It can be a big expense when an employee leaves unexpectedly. There are inevitable recruiting expenses, lost productivity, as well as considerable time spent screening, interviewing, hiring and training candidates to fill the position.
To begin implementing methods to retain good employees, it's crucial to understand why employees leave. When you understand the underlying reasons that drive employees away, you can tackle these problem areas; ultimately decreasing the likelihood of employees submitting a resignation letter and walking out the door. Read on to learn the common reasons why employees leave as well as how to overcome these obstacles.
Organizational Instability Leads to Disconnection
When management is constantly reshuffling, changing direction and moving people around, it disconnects employees from the organization’s purpose. Employees who don’t know what’s going on, what their priorities are, or what they should be doing will likely harbor frustration, leading to confusion and workplace inefficiencies.
Lack of Company Culture or Engaging Activities
Instant gratification is the new norm for many millennial employees. With the exponential growth of the internet, social media and hand-held mobile devices, employees are a fingertip away from distractions, wherever they may be. It may be the case that working for eight hours, in one location, is becoming less attractive to employees. Of course, this isn’t to say that the workforce is growing lazy; rather, rigidly defining work in such a traditional manner doesn’t make sense to employees in today’s constantly interconnected world.
This highlights a simple paradigm shift: retaining top talent now directly relates to an organization’s ability to reinvent their work environment, blurring the line between work and play. Companies must embrace a culture of increased autonomy and innovation, and engage employees around a powerful mission and purpose.
Too Much (or Too Little) Work
Skilled employees are frequently capable of completing more than they are initially tasked with, which can lead to a few problems. That level of capability can result in an employee being asked to do more work than s/he can handle well.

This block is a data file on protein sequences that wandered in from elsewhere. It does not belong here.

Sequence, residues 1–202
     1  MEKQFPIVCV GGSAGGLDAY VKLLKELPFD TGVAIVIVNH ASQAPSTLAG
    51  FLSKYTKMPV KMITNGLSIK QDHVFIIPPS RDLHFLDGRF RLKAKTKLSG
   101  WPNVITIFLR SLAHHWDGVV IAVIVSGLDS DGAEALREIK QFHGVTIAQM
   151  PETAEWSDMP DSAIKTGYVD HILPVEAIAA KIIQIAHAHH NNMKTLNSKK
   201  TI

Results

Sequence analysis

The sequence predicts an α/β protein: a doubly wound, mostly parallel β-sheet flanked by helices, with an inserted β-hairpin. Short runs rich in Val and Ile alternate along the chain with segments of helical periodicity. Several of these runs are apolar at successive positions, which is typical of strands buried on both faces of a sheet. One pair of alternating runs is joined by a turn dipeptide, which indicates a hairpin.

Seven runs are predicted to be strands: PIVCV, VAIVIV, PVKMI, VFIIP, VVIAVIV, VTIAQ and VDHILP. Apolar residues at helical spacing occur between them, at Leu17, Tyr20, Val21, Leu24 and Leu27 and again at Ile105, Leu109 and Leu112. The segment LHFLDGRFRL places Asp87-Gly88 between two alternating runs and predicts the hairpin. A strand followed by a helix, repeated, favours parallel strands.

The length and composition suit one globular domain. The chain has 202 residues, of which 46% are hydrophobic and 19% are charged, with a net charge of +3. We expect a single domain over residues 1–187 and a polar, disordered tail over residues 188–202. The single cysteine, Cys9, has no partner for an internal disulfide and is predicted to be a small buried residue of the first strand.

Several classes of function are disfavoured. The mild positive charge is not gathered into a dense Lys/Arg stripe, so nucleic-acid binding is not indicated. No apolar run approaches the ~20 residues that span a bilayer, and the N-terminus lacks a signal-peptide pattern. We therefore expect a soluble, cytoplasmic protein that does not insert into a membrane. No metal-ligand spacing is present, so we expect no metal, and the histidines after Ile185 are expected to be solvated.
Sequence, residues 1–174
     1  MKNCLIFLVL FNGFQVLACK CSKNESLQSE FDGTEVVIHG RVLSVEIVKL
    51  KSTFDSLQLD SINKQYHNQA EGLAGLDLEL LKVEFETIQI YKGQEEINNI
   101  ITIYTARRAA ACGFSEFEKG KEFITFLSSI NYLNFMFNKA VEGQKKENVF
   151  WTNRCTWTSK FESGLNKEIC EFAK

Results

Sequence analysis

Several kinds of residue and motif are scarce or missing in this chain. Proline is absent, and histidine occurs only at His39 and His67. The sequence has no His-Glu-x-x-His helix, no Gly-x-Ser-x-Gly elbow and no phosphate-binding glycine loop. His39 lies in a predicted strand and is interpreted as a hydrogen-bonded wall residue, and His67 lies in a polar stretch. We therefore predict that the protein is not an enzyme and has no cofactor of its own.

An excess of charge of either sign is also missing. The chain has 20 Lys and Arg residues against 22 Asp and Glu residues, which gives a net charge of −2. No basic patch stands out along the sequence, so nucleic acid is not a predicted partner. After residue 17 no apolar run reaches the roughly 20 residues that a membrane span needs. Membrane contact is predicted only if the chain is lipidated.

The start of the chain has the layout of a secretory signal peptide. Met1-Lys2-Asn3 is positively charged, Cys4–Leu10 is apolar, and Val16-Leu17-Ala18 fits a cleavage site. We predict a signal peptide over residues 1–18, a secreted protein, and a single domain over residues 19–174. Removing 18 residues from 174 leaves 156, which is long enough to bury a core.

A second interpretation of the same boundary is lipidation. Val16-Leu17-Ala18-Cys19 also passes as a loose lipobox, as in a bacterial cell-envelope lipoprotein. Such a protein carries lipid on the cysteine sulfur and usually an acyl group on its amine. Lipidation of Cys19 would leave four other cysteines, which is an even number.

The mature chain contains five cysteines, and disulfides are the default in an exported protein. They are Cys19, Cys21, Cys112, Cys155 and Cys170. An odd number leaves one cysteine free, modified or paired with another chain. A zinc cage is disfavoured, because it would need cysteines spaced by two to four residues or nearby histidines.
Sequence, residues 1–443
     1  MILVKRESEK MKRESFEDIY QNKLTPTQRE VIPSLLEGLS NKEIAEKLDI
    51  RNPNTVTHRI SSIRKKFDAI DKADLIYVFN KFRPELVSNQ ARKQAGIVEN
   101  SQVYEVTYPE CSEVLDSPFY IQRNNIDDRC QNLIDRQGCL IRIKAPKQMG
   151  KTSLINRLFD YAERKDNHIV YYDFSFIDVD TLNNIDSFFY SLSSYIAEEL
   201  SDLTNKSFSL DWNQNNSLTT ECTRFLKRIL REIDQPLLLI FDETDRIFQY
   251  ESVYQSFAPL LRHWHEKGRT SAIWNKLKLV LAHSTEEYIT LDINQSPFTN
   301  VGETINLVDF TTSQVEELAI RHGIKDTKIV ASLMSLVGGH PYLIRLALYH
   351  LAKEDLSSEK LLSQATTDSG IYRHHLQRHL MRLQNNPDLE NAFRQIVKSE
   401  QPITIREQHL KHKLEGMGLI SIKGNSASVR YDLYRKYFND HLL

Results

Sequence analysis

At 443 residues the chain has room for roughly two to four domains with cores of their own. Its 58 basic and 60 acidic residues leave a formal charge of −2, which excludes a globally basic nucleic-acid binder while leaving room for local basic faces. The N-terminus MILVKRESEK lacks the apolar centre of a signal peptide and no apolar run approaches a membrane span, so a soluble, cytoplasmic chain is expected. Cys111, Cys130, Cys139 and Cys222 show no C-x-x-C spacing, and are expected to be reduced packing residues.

This can lead to frustration and resentment, if an employee feels that s/he contributes more than the rest of the team. It's not wise to burnout your best employees. On the other hand, capable workers may finish their tasks and run into obstacles when they request more work; the resulting boredom can be just as toxic as being overworked.
No Clear Vision
If your organization has no clear vision, it's difficult to expect employees to perform well. Ideally, your employees' goals and objectives should be aligned with your company's vision. Having a common vision helps employees work cohesively toward a shared goal. It's easier for people to feel a sense of belonging to their team and organization when their employer posits a clear vision. The combination of good leadership and clear values has the power to drive positive employee retention for the long-term.
How To Reduce High Employee Turnover
So how can you keep your good employees happy? While many companies offer raises, time off and promotions, they are ultimately limited resources and are infrequently the most critical motivators. Here are a few ways to take control of your organization, creating a place where employees want to work, while saving time and money in the process.
Implement Annual Company Events and Activities
Let's say you're trying to develop a company culture of fun and comfort. In this case, you should look toward incorporating company activities and events. It will serve as a reminder to your employees of what your company really stands for. Plus, it'll show that it's not always about getting down to business, it's good to let loose once in a while.
Set Clear Expectations and Goals
Managing expectations is a crucial aspect of managing people. Ensure that you have job descriptions so your employees know exactly what is expected of them. If there are any changes that need to be made, don't expect your employees to guess at that. Instead, communicate directly and clearly. Good employees want to please you, but they need to know what you expect.
Improve Employee Satisfaction
Employee Engagement and Satisfaction Surveys are tools to measure employee attitudes about everything from leadership and communications, to their relationships with their supervisors. Using a survey at least annually will help you identify what can be improved, and in which workgroups.
Because professional research firms conduct the surveys that protect respondent anonymity, consider hiring one so that your employees are more likely to provide honest feedback that you can take action on.
When employees enjoy coming to work and making an impact, your business will thrive. Check out our downloadable Employee Engagement Checklist to ensure you are getting the best performance out of your staff.